“I started thinking about the Book of Job.” He turned to the page he’d marked with a Post-It. “I assume you heathens know this book finds God and Satan testing the soul of Job.”

“Job put up more of a battle than the president,” offered the managing editor.

“You could say the same about Starr,” Murphy added.

“True enough,” said the chief. “But here’s what catches my eye. It says here that when God and Satan decide to see what Job’s made of, they slaughter his servants and slaughter his sons and daughters. Which is rough on Job, of course. But from where I sit, it’s a lot rougher on his kids and his servants.”

“That would have made a pretty good sidebar,” said the ME. “Job blessed with new issue. Old issue still dead.”

“Then you see what I’m getting at,” said the chief.

Actually, no one did.

“I used to know a Monica Lewinsky,” he went on. “We had some fine times, some truly unforgettable times, before I decided to head for the hills. And when I did, I probably wasn’t as nice as I might have been. But I’ve kept track of her, and I can tell you, she’s raising a couple of kids outside Pittsburgh. For all I know, she’s happy–which I can assure you she wouldn’t be if every paper in America had published a hundred thousand words about our capers. I assume the purpose of the Starr report is to humiliate the president. It matters not who else is humiliated. Monica, like the children of Job, is inconsequential.”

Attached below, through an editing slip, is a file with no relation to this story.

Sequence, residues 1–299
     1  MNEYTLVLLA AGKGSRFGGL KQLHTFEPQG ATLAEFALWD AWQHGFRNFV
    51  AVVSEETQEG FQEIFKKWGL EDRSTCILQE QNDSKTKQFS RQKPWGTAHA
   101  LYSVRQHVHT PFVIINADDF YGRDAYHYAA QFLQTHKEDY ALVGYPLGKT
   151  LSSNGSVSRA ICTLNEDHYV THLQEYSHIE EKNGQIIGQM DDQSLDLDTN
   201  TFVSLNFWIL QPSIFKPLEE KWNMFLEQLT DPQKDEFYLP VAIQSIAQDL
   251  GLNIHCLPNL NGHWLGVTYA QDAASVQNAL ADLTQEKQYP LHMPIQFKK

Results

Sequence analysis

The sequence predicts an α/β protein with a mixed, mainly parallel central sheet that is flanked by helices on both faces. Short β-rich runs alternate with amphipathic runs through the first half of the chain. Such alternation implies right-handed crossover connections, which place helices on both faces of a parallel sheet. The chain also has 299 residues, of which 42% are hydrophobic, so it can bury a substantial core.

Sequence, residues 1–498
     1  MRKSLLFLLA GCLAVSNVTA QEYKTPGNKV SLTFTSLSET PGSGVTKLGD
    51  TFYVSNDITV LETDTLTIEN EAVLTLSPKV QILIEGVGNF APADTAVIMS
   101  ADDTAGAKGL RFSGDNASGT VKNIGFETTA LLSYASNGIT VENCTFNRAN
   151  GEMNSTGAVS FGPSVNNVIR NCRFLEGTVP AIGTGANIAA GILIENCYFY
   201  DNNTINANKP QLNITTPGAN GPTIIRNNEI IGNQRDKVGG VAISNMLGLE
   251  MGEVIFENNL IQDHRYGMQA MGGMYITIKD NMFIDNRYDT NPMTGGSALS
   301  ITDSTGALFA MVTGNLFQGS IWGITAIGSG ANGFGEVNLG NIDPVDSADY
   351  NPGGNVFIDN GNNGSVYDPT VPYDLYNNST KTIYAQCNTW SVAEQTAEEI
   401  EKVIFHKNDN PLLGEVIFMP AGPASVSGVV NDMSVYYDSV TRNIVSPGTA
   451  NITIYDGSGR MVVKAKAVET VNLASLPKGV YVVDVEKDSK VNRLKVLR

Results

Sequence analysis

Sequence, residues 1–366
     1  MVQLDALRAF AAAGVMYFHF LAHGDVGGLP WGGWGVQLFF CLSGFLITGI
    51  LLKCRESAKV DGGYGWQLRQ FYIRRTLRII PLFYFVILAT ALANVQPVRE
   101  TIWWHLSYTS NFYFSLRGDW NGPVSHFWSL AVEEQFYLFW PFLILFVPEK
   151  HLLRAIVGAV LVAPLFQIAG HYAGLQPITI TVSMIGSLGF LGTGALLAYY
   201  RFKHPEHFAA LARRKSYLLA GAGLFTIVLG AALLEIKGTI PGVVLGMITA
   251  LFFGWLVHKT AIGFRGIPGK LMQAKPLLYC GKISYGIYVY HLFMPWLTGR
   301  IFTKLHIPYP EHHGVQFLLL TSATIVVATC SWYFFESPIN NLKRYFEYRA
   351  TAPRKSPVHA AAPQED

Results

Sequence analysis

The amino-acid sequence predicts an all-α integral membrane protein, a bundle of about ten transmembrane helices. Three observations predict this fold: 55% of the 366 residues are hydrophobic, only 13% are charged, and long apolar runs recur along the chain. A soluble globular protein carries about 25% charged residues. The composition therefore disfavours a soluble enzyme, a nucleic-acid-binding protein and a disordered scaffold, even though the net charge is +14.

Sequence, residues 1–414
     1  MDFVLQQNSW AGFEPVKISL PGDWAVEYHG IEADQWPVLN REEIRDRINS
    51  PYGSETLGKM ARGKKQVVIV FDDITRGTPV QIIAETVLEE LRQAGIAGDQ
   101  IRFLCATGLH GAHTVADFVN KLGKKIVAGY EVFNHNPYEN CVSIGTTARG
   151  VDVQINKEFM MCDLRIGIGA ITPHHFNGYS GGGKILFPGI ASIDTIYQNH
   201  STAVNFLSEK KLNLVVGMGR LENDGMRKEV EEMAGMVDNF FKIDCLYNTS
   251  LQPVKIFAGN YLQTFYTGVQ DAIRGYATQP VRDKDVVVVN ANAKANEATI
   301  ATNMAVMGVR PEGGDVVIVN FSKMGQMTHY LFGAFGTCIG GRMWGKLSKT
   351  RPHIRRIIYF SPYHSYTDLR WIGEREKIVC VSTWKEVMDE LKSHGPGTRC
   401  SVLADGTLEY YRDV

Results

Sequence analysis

Everyone sat there thinking, Yeah? And so?

“I’ve asked Philpot to develop these parallels for the Sunday paper.”

Let the religious writer gather whatever wool the chief decrees, thought the minions. Great undiscovered tracts of newsprint composed the Sunday paper. In one of those uncharted regions Philpot reigned.

“I see his essay as the cornerstone of our Sunday package,” said the chief.